You can apply to any council for help if you are facing homelessness. If you don't have links with the area, you could be referred to a different council for help.
How the council must help
You can ask any council for help if you're homeless or at risk of losing your home.
The council you approach must:
- provide emergency housing if you qualify
- assess your situation and agree a plan with you to help you keep your home or find a new one
The council can look at whether you have a 'local connection' to the area. This means you have links that are usually based on:
- living or working in the area
- close family in the area
- other special reasons
When you can be referred to a different council
If you're already homeless and don't have a local connection, the council you apply to can refer you to a different council where you do have a connection.
The council you approach can make a referral at either of the following stages:
- After they carry out a homeless assessment (only to another English council)
- If they decide you qualify for longer-term housing (to another council in England, Scotland or Wales)
They must continue to provide emergency housing if you qualify for it until the other council accepts the referral.
You can't be referred to an area where you're at risk of domestic abuse or violence.
If the referral is accepted
If you're referred at the first stage (after your homeless assessment), the other council takes responsibility for:
- providing help under your personal housing plan
- deciding if you qualify for emergency or longer-term housing
If you're referred at the second stage (after the council decides you qualify for longer-term housing), the other council must provide you with housing.
You usually have to stay in temporary housing until longer-term housing is available.
Challenge a local connection referral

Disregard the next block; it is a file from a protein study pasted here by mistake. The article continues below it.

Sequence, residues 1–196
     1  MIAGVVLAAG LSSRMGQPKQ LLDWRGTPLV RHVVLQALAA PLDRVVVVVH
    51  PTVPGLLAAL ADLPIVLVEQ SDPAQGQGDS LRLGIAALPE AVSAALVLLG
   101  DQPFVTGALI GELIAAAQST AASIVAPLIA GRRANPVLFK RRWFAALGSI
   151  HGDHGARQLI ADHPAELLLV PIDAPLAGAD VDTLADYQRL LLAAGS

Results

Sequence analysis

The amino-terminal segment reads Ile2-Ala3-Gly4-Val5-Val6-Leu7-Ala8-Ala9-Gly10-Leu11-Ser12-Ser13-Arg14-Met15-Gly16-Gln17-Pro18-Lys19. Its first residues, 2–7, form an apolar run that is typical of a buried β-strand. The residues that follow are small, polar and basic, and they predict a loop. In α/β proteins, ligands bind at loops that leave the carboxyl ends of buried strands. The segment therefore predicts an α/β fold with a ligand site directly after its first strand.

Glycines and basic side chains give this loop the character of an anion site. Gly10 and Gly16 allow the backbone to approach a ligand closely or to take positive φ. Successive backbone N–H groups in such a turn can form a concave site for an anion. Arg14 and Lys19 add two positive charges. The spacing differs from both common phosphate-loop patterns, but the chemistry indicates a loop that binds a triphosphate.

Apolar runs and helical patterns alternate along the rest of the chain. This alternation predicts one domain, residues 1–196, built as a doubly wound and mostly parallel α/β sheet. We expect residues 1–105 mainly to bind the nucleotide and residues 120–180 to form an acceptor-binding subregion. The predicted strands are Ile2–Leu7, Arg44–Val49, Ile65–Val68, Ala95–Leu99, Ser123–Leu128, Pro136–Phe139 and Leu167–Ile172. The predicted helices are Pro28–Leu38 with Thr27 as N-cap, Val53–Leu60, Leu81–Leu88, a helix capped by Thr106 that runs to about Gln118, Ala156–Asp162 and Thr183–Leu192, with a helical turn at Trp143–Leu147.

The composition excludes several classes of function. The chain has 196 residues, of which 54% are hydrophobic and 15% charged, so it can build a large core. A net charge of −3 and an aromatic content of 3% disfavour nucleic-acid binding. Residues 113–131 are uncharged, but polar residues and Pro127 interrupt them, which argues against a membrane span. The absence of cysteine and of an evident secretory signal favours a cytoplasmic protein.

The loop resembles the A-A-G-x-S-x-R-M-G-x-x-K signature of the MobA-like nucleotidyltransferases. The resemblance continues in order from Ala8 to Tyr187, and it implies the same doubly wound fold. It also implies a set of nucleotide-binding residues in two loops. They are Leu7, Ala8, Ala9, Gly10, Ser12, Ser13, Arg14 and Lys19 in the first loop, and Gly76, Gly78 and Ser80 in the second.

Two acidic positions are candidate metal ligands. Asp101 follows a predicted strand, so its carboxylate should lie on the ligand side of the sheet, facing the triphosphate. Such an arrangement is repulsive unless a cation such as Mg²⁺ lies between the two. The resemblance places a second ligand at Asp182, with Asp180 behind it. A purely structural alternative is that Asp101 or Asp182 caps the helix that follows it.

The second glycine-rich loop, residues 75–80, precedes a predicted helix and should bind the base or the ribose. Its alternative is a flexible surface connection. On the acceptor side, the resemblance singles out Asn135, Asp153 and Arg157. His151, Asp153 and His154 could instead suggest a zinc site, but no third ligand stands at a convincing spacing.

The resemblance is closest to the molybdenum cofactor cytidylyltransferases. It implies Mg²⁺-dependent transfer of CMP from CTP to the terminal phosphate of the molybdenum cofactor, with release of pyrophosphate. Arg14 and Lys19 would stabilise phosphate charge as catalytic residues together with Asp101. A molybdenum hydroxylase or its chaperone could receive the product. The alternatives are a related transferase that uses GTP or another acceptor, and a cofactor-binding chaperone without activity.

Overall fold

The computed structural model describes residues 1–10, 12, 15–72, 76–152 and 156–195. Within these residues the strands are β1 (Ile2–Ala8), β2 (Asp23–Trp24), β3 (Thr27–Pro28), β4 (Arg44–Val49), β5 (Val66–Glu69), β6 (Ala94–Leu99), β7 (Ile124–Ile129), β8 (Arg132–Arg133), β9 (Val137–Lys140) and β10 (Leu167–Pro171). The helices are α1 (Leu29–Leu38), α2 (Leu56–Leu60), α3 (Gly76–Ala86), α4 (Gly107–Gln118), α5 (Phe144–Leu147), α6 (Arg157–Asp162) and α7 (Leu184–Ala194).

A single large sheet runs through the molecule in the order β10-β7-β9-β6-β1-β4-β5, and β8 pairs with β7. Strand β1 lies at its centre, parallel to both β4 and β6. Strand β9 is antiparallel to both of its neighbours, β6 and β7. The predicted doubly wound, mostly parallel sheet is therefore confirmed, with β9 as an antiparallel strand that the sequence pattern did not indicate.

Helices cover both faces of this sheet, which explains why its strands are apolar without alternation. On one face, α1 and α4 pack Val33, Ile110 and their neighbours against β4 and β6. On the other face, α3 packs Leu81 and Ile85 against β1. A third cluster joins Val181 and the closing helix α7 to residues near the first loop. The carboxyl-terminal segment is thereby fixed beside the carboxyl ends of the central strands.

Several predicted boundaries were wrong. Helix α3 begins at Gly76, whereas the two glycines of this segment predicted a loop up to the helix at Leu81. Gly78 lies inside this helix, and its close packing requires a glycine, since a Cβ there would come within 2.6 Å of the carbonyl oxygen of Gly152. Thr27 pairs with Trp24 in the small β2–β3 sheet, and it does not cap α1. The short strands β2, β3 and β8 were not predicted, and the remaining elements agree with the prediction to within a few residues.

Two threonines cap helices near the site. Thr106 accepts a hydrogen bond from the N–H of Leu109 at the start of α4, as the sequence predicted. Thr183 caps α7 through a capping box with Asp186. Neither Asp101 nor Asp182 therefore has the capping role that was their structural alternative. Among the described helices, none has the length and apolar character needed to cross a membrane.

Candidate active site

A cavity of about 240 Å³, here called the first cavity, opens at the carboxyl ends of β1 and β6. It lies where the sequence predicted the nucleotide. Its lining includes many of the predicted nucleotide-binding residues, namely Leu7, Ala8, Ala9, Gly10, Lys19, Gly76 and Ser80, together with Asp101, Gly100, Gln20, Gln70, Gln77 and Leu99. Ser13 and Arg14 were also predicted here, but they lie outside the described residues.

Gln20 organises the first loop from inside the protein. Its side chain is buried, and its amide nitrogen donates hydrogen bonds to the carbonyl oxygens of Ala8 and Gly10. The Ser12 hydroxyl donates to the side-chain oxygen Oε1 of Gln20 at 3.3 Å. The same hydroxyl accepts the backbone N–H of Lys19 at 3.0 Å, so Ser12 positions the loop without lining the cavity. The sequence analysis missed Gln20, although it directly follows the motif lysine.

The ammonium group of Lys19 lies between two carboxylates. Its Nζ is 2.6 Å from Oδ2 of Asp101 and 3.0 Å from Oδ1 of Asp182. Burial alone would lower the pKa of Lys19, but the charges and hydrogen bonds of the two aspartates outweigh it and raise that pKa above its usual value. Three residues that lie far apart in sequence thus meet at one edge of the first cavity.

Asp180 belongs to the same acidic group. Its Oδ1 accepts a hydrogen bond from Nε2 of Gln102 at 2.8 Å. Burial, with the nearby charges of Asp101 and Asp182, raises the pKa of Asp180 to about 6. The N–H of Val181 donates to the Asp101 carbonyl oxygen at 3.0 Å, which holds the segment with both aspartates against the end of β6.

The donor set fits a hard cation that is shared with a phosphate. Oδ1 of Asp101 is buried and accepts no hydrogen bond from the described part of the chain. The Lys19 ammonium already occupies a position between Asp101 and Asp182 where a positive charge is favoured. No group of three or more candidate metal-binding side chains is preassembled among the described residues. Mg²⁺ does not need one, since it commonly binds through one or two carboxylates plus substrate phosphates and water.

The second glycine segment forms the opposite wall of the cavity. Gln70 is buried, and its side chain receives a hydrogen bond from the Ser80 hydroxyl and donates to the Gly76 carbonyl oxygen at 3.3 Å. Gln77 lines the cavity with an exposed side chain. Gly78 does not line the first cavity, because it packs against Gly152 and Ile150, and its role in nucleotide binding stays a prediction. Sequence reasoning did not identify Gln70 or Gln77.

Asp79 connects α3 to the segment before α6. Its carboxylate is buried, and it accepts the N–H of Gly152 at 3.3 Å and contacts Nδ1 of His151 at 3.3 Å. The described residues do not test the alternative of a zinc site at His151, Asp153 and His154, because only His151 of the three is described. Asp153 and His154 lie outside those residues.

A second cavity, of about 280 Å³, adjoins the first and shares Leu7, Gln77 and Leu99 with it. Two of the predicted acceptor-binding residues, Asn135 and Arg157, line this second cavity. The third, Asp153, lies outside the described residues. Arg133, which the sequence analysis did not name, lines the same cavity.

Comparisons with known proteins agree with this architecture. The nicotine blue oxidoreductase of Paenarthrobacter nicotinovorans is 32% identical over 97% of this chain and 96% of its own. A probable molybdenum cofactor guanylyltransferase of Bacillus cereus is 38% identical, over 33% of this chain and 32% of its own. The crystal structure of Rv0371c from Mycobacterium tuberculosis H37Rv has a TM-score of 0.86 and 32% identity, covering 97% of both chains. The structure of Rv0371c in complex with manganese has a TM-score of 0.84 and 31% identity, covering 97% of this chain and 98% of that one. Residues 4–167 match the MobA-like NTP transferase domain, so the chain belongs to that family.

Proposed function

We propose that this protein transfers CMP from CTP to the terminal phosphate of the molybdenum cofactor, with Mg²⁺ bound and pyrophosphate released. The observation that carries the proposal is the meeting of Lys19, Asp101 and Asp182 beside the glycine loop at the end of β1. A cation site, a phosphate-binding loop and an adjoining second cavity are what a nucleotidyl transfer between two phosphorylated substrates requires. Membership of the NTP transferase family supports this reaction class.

You can challenge a local connection referral if, for example, you:
- have a connection in the area you applied
- would be at risk of domestic abuse or violence in the area you've been referred to
You can ask for a review within 21 days of getting the council's decision letter. You may qualify for free legal help.
What counts as a local connection
The following situations give you a local connection. If you have more than one local connection, you should approach the council where you'd like to live.
Living in an area
You have a local connection if you've lived in a council area for at least:
- 6 out of the last 12 months
- 3 out of the last 5 years
Staying in emergency housing or a refuge counts.
Time spent in prison or hospital doesn't count.
Working in an area
You have a local connection if you're working or self-employed in a council area.
Close family in the area
You have a local connection if any of the following family members have lived in a council area for at least 5 years:
- adult children
- brothers and sisters
The council might accept a local connection based on other family members. For example, if you were brought up by another relative and remain in close contact.
You have a local connection if you're under 21 and were previously in care in the area for at least 2 years (even if placed there by another council).
You also have a local connection if you're under 25 and you get advice and support from the council's social services department under a 'pathway plan'.
If your pathway plan is provided by a county council, you have a local connection to every local housing department covered by the county council.
Refugee status or humanitarian protection
You have a local connection to the last council area you were housed in by the Home Office under asylum support. It doesn't matter how long you lived there for.
The council could decide you have a local connection for a special reason such as:
- a need to live in the area to receive specialist health care
- very important social connections with the area
Last updated - 03 Apr 2018
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